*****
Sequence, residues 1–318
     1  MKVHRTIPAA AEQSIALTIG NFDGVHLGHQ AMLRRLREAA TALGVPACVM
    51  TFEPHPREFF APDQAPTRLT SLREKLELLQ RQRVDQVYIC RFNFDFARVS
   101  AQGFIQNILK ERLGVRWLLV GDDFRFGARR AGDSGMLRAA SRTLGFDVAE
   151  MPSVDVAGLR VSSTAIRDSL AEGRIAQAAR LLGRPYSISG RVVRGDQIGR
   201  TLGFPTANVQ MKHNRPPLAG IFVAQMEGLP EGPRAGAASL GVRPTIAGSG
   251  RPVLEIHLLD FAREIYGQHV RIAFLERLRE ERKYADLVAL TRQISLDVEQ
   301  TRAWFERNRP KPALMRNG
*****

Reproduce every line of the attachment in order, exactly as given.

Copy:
Sequence, residues 1–318
     1  MKVHRTIPAA AEQSIALTIG NFDGVHLGHQ AMLRRLREAA TALGVPACVM
    51  TFEPHPREFF APDQAPTRLT SLREKLELLQ RQRVDQVYIC RFNFDFARVS
   101  AQGFIQNILK ERLGVRWLLV GDDFRFGARR AGDSGMLRAA SRTLGFDVAE
   151  MPSVDVAGLR VSSTAIRDSL AEGRIAQAAR LLGRPYSISG RVVRGDQIGR
   201  TLGFPTANVQ MKHNRPPLAG IFVAQMEGLP EGPRAGAASL GVRPTIAGSG
   251  RPVLEIHLLD FAREIYGQHV RIAFLERLRE ERKYADLVAL TRQISLDVEQ
   301  TRAWFERNRP KPALMRNG